Saturday, September 17, 2022

Solar powered planes.

 In 2004 I built a solar powered RC plane.
You can see pictures and read about it sees some pictures and relive its sad end here: Old web page from 2004

I'm going to try this project again.

In the 18 years since this flew a number of things have improved:

  • Microscopic autopilots for RC planes are COTS. (mRo <5gm  etc)  I  no longer have to build my own.
  • Long range RC control and telemetry links are COTS (Crossfire, ELRS, Dragonlink)
    I no longer have to build my own.
  • The solar cells have improved. The new SunPower C60 cells are 6.5 gm 3.5W 22% efficient and Flexible. The A-300 cells I used 18 yrs ago were:12 gm, 3W 20% efficient, and pretty rigid.

Old cell left, new cell right

The new cells are pretty flexible.

On the old plane I had 3 rows of solar cells on each wing. Each row was wired in series to make about 6.5 volts. I then built a 6 channel MPPT (see: wiki MPPT)

The schematic for one channel of my MPPT:

The full 6 channel unit:

This MPPT is setup as a boost converter so the system bus or battery voltage must be above the voltage of the solar string. It also allows solar strings of varying size to feed a common bus. IE I can have a 4 cell panel on the tail, a 4 cell panel on the wing tips and a 2x 10 cell panels on each main wing.

There are lots and lots of interesting tradeoffs in this space.
At minimum power the wing drag is primarily induced drag. One reduces induced drag by making the wing have a very high aspect ratio and an  elliptical lift distribution.

If you want the absolute minimum power you want a  really high lift airfoil like:

Selig S1210

Yet look how thin the trailing edge is and how hard that would be to build lightly.
Heavily under cambered airfoils also have really high pitching moments.
(Meaning the airfoil wants to pitch forward and this must be resisted.)
Put this airfoil on a really long high aspect ratio wing and its not unheard of for the wing tip to fail in a downward direction... (The airfoil tip tries to twist forward twisting the wing, enough that the wing tip on light structure is now lifting down and bad things ensue.)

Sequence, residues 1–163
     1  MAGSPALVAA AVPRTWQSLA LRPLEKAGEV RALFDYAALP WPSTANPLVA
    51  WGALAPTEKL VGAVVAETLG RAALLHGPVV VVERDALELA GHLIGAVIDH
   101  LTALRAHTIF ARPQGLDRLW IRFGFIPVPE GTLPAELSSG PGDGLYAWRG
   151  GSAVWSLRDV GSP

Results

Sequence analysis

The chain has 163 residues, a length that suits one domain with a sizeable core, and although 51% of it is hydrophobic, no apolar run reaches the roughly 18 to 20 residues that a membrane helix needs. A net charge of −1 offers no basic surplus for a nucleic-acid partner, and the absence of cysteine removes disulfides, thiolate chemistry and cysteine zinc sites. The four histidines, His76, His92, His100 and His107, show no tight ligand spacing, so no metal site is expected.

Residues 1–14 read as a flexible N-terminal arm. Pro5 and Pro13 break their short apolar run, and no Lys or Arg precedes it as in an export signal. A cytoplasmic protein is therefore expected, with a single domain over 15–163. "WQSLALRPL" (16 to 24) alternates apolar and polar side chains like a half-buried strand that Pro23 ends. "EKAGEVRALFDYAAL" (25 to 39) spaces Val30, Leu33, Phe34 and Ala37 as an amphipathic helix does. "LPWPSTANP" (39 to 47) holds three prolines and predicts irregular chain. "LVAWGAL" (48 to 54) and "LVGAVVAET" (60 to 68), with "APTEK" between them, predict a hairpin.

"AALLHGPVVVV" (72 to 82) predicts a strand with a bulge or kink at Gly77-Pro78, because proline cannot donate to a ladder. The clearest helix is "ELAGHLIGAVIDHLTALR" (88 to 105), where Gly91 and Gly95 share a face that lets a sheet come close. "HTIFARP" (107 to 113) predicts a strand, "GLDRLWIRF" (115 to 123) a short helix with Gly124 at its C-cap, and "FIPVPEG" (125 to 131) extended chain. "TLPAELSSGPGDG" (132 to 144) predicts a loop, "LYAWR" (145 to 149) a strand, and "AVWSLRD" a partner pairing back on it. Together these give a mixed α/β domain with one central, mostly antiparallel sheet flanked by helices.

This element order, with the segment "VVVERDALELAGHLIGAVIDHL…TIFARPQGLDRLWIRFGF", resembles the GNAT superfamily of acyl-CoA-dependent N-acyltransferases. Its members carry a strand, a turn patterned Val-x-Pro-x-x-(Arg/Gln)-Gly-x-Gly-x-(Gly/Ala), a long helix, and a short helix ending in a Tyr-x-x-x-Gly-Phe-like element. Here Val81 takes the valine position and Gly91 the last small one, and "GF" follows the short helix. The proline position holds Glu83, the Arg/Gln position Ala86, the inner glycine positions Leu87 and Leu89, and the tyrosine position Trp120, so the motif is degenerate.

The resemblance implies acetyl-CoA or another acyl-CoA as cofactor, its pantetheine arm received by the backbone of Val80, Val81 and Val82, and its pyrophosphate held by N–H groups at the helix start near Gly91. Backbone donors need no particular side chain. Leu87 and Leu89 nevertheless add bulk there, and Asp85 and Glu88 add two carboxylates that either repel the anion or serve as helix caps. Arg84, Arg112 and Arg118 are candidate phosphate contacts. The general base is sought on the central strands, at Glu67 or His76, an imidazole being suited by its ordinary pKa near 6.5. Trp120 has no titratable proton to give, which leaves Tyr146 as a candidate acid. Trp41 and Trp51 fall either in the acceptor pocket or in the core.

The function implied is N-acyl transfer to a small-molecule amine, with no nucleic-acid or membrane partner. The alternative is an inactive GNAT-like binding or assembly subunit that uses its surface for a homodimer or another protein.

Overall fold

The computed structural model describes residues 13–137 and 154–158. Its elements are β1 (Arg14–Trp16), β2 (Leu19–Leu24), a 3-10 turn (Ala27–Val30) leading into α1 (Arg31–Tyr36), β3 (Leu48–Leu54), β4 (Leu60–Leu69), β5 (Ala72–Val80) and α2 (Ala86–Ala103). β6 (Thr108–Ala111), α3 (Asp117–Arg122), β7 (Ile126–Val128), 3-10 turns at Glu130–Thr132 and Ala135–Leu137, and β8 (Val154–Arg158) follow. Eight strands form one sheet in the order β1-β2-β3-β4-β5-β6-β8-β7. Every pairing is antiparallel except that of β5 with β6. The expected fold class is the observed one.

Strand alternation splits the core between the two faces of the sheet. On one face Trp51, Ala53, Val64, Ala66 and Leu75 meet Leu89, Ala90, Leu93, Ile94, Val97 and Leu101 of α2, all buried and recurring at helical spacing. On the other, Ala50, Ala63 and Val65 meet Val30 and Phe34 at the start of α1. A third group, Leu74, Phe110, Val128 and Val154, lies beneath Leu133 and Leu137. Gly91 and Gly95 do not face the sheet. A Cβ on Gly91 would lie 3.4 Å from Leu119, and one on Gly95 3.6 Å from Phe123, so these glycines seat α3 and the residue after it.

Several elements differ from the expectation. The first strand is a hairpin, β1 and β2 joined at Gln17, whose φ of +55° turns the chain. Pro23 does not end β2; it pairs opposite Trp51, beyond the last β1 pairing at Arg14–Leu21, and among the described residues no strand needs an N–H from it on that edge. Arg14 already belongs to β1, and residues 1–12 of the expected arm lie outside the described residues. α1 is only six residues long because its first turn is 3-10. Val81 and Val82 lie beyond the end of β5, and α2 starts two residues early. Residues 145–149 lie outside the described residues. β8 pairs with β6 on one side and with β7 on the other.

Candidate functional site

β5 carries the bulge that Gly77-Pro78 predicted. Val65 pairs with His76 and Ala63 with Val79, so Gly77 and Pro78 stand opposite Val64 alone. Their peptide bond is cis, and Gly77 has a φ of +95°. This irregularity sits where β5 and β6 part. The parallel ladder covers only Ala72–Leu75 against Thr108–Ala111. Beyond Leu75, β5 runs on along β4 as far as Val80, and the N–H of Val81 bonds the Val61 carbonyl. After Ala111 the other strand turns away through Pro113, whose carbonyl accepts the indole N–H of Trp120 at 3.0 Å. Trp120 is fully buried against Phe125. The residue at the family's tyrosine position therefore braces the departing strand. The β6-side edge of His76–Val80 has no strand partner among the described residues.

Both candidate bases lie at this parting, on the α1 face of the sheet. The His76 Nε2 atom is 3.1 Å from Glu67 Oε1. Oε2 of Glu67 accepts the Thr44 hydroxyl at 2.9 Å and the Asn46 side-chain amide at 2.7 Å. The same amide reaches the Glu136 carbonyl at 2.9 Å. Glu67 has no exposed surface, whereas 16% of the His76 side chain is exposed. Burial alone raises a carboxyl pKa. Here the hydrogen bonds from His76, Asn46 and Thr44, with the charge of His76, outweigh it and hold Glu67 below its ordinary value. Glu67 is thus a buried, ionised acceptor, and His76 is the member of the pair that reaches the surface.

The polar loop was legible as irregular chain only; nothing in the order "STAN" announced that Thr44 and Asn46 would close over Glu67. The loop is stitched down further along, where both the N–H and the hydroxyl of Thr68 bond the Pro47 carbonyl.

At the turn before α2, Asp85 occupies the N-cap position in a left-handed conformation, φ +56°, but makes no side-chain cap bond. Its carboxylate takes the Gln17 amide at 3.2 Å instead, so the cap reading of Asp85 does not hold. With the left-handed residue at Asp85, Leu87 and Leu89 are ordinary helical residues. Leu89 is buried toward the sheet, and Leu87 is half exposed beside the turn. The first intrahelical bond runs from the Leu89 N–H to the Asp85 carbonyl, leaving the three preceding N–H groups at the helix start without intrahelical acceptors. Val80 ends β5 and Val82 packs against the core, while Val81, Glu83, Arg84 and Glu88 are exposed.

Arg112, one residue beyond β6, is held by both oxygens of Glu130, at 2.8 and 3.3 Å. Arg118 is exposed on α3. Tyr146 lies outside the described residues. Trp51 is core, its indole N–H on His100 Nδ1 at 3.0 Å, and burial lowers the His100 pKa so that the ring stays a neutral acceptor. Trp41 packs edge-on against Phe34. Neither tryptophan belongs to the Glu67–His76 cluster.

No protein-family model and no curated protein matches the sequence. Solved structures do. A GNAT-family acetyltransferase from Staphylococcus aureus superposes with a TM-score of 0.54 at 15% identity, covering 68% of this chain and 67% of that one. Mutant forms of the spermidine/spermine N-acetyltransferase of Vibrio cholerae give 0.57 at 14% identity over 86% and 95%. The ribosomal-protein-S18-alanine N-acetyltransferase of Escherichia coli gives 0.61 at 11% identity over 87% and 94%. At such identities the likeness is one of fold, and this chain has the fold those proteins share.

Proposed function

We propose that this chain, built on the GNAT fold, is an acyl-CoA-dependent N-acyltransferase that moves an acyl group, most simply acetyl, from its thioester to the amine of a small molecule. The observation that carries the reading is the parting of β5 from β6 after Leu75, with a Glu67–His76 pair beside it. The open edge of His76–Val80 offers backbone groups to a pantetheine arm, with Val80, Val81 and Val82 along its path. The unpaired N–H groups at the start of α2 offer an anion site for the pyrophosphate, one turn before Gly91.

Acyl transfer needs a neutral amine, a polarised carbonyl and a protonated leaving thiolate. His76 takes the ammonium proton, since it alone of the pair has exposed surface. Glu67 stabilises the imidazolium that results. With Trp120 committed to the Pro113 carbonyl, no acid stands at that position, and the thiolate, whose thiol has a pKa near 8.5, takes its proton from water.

One could choose an airfoil designed for flying wings (now or very low pitching moment) like 

Much easier to build a very light structure with this trailing edge and the torsional rigidity of the wing will matter a lot less.

The minimum power airfoil (assuming an infinite wing) is  where Cl^3/2/Cd is maximum.
For the  1210 :  109 For the MH60 its : 68....

So the minimum sink is roughly proportional  to weight ^ 1/2  Min power is thus weight ^(3/2)
So for a 1000gm airplane you could add a couple hundred extra grams and be even.

So if one wanted to fly over night.... using the potential energy of the aircraft as a battery  sink rate is only effected by wt ^1/2 where if you wanted to fly all night  at constant altitude via battery then assuming the battery is 30 to 50%  of the mass (reasonable assumption) then each extra gram of structure is bad by an additional requirement for more battery.

Like I said a really complex trade space...

Looking at the professional Aerospace for hints/clues is not really helpful...
Helios was a flying wing, that failed due to complex aerodynamic, structural, and turbulence interactions. See Report here

The Solar impulse and Airbus Zypher both chose a more traditional aircraft platform.